And even though bankers in general suffered from a risk aversion bias, expressed well by Mark Twain’s “a banker is one to lend you the umbrella when the sun shines and wanting it back when it seems it could rain”, that obviously served our economies well. 

As John Kenneth Galbraith argued, even when in some cases “Banks opened and closed doors and bankruptcies were frequent, as a consequence of agile and flexible credit policies, the failed banks left a wake of development in their passing.”

But then came the Basel Committee for Banking Supervision, and out of the blue decided to assume bankers did not perceive risks; and so came up with their risk weighted capital requirements. These instructed banks, with no consideration to their portfolio, to hold more capital (equity) against what is perceived risky and less against what is perceived safe.

As a consequence of this bankers had to morph from being mainly risk perceivers into also having to be capital (equity) minimizers. Being able to leverage more the “safe “ than the “risky” allowed them to obtain higher risk adjusted returns on equity lending with the safe than with the risky.

As a consequence we have already suffered major bank crisis resulting from excessive exposures to what was erroneously perceived, decreed or concocted as safe, like AAA rates securities and sovereigns like Greece.

As a consequence of not enough lending to the “risky”, like SMEs and entrepreneurs, development is coming to a halt.

Since regulators refuse to listen to little me, I can’t wait for IBM’s Watson developing lending and investment algorithms for robobankers. These would help show bank current regulators how dangerously wrong they are.

Watson would understand that with current distortions banks go wrong even if they perceive the risks absolutely correct.

Watson would understand that what is perceived risky ex ante becomes by that fact alone less dangerous ex post; and that what is perceived safe ex ante becomes by that fact alone more dangerous ex post.

May God defend me from my friends, I can defend myself from my enemies” Voltaire.

Regulator Watson, in contrast to the Basel Committee, would not be looking in the same direction as the banker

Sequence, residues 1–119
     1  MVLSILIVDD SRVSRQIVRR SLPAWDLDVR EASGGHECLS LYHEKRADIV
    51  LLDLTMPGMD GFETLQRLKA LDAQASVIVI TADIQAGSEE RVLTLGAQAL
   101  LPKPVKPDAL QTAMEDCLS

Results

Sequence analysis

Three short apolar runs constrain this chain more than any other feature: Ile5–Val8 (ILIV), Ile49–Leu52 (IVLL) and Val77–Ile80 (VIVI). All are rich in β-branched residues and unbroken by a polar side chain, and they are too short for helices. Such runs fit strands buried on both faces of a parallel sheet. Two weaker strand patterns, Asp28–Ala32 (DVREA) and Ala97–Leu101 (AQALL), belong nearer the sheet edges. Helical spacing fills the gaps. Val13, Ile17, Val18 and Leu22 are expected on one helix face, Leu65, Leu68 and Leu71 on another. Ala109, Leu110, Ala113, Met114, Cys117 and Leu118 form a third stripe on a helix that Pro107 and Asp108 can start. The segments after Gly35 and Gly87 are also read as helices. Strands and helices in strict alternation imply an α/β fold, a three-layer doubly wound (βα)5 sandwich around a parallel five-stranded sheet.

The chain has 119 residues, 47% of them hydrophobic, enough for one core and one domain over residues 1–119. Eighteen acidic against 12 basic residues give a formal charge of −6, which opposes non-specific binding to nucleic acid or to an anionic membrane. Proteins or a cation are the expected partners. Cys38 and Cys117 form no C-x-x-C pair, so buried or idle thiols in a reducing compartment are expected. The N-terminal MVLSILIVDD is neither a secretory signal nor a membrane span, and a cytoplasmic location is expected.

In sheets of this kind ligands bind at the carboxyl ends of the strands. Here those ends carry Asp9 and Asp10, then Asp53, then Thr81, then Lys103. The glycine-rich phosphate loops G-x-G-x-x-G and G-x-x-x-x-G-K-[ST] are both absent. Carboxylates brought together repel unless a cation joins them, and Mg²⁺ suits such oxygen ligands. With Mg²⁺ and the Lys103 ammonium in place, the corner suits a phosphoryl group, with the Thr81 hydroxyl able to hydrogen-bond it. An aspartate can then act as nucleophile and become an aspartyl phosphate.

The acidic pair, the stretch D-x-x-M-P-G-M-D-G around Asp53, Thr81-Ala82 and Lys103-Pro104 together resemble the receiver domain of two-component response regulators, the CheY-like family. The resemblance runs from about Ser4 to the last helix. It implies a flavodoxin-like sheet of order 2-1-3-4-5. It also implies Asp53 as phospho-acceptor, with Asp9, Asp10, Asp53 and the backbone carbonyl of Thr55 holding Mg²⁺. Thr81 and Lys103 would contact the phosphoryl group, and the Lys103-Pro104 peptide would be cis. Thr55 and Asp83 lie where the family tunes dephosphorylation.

Thursday, August 17, 2017

Our modern statist rulers insidiously debase our currencies with their decreed zero-risk weighting of sovereigns

Lawrence W. Reed in “Did You Know about the Great Hyperinflation of the 17th Century?” FEE August 2017, quotes Nicolaus Copernicus (1473–1543) with: “The greatest and most forbidding mistake has to be when a ruler tries to make a profit from the minting of coins by introducing and circulating new coins with an inferior weight and fineness, alongside the originals, and claims that they are of equal value”

And Reed notes: “Desperate to raise cash and secure material for war, many of the German states in 1618 resorted to the debasement of coinage. They clipped and they melted. At first, they adulterated their own coin but then discovered that they could do the same to that of their neighbors too.”

Our modern governments use much more refined and insidious debasement methods. In order they say to make our banks safe, regulators came up with the risk weighted capital requirements which assigned to the sovereign a risk weight of 0%... yes, you read it well, zero percent.

That means that banks are able to leverage any little net margin obtained on public debt, into great returns on equity. That means that banks will be offering to hold a lot of public debt at low rates which will help to confound all the rest of investors into believing the markets believe that debt to be intrinsically safe.